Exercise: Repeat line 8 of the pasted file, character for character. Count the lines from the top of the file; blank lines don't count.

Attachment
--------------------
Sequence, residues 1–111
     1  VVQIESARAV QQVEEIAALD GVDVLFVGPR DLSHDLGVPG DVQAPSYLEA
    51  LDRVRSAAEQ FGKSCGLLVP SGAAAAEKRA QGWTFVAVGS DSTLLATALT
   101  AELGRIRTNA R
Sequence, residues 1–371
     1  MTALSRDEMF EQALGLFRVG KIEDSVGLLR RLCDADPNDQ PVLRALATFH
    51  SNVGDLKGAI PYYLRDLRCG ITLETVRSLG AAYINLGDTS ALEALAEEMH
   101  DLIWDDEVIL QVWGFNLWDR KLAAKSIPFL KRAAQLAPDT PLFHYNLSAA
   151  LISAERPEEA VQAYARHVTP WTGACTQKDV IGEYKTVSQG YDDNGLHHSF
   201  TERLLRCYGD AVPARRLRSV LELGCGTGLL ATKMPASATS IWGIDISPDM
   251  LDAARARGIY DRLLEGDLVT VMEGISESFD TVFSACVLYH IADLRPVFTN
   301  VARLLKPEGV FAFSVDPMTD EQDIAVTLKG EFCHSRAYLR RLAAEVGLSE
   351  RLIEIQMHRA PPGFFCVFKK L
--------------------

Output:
   101  DLIWDDEVIL QVWGFNLWDR KLAAKSIPFL KRAAQLAPDT PLFHYNLSAA